Calvin University's official student newspaper since 1907

Calvin University Chimes

Since 1907
Calvin University's official student newspaper since 1907

Calvin University Chimes

Calvin University's official student newspaper since 1907

Calvin University Chimes

Women and the Environment Symposium challenges attendees to confront privilege
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“When the environment is unhealthy, society is unhealthy,” a panelist stated at the fourth annual Women and the Environment Symposium.

The event, hosted by the West Michigan Environmental Action Council (WMEAC) and Grand Valley State University, took place on February 25 and brought community members together to discuss the complexities of environmental issues and how they impact vulnerable populations.

A panel led by community members initiated the discussion. The panelists included Lisa Oliver-King of Our Kitchen Table, Guy Williams from Detroiters Working for Environmental Justice, Jeremy Moore from Spectrum Health and Belinda Bardwell of Grand Valley’s Native American Advisory Board.

The panel framed discussions around the intersections of sustainability, race and gender. Most of the attendees of the conference were white and female, and attendees were challenged to confront their privilege as it relates to sustainability.

“How do we talk about this coming from a place of privilege and power?” asked a panelist. “How do we bridge the gap and empower the lives of those it’s affecting? Often times, the people who receive the most disparities are those with the least power.”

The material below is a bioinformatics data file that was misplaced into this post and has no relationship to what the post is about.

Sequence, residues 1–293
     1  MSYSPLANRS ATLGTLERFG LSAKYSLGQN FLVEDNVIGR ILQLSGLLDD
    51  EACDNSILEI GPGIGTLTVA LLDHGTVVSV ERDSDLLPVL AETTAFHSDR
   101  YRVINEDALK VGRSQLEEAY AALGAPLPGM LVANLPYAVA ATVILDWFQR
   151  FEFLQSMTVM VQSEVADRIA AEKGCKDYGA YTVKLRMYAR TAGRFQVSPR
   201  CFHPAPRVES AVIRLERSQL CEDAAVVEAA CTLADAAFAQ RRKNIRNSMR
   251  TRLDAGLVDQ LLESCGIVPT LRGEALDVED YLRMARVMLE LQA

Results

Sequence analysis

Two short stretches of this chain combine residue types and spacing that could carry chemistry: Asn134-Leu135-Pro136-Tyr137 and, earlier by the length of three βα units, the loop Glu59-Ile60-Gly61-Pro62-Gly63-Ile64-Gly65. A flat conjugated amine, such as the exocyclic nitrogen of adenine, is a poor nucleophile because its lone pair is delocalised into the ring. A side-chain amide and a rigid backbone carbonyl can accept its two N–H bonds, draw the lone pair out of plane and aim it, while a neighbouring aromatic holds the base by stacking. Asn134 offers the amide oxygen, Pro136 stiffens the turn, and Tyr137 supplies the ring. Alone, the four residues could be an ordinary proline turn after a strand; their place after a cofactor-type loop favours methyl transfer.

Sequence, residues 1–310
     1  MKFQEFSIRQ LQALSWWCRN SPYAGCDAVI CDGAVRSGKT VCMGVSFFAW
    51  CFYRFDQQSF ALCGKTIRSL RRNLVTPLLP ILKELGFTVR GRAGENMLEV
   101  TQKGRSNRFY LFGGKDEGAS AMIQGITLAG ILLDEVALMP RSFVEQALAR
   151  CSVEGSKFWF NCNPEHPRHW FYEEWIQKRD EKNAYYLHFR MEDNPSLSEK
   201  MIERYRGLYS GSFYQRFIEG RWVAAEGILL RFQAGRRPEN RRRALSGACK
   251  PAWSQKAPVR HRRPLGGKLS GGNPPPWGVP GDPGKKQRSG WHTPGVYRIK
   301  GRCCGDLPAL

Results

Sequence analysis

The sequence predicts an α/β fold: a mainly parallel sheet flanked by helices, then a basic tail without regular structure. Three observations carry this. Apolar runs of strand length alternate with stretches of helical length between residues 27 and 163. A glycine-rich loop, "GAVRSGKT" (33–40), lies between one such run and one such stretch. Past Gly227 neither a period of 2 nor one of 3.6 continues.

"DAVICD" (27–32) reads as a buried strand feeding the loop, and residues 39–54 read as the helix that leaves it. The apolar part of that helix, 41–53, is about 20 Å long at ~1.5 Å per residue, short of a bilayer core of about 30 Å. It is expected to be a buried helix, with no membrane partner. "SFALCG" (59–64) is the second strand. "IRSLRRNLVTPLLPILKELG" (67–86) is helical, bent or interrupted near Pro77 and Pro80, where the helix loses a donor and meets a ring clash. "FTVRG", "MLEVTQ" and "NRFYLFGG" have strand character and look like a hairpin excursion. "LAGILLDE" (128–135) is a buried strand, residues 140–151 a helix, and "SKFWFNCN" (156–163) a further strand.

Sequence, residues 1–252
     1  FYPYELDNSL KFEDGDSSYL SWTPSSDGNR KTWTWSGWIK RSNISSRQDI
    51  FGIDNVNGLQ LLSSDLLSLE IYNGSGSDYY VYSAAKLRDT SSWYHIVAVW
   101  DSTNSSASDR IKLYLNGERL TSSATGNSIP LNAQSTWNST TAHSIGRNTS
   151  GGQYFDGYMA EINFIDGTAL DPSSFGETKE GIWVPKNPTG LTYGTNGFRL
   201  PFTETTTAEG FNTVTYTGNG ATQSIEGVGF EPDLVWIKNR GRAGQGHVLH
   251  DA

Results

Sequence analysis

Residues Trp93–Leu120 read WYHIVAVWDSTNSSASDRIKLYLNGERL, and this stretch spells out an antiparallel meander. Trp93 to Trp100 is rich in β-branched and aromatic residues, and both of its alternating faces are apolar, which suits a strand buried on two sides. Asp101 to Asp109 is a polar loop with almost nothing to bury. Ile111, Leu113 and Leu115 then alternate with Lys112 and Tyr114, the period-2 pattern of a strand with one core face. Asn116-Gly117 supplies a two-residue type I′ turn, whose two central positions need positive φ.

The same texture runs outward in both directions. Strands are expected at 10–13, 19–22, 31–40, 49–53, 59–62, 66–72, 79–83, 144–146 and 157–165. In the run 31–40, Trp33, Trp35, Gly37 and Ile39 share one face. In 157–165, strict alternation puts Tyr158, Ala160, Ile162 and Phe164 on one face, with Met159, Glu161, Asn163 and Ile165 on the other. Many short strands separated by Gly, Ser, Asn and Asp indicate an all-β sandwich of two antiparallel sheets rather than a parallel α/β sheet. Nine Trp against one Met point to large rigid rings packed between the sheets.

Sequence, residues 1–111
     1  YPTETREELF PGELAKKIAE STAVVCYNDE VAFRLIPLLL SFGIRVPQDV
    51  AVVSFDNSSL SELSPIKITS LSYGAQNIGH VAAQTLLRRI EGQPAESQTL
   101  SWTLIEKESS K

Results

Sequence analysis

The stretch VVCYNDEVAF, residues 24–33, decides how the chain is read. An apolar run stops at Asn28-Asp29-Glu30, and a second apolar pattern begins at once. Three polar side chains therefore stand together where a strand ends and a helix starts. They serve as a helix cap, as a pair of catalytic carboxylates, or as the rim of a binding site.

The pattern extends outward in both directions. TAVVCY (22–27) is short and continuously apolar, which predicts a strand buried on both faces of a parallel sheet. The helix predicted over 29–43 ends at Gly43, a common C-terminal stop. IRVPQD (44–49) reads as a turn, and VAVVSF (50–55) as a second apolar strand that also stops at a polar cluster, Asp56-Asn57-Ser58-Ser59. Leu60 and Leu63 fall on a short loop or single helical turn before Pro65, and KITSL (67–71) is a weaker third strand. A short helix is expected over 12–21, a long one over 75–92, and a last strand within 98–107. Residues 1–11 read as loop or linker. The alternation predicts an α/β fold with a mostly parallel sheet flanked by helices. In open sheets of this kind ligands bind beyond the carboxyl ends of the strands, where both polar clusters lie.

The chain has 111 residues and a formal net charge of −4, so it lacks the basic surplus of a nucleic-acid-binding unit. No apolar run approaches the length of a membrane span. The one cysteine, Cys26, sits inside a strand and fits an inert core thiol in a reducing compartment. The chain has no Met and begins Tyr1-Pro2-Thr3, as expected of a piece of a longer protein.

Nikki Sylvestri, who was named one of 100 Most Influential African Americans in 2014 by The Root, was the keynote speaker for the event. Connecting with the audience and challenging environmentalist stereotypes, Sylvestri told personal stories of growing up in California and the struggles and challenges she has faced being a black environmentalist in a predominantly white-washed environmental movement.

In her speech, she called for a movement towards equity in sustainability, claiming that “climate change doesn’t affect all communities proportionately.” Citing Detroit as an example, she said, “Detroit must be redesigned so that raw sewage doesn’t overflow into predominantly black areas,” she argued.

Junior Erin Smith is an intern at WMEAC and was able to meet with Sylvestri. “Nikki has so much wisdom and experience and she shares it so readily” she said. “When I first met her, she just gave me a big hug. But then she can turn around and say the most groundbreaking thing you’ve ever heard. I want to be her when I grow up.”

Seeking to empower local leaders in sustainable efforts, the symposium hosted an award ceremony, honoring three women from the Grand Rapids community in areas of vision, hope and inspiration.

“The strength and goal of the Women & Environment Symposium is to expose connections, build bridges and inspire positive action for climate resilience and gender and racial equity,” said Smith.

Pushing back against the image of the environmentalism as a hobby for hipsters, a panelist said, “The implications of environmental degradation are about people’s lives, not just a hobby or activity.”

Jon Gorter, a sophomore, was challenged by Sylvestri’s address. “She also challenged us to consider what environmentalism means to us – is it something that challenges us to pursue the good of the whole? Or is it something that looks attractive from the outside, something for show, but holds no real substance?”

Faced with seemingly insurmountable challenges, Sylvestri spoke with hope: “When relationships and action come together with dignity and humility, lasting change happens.”

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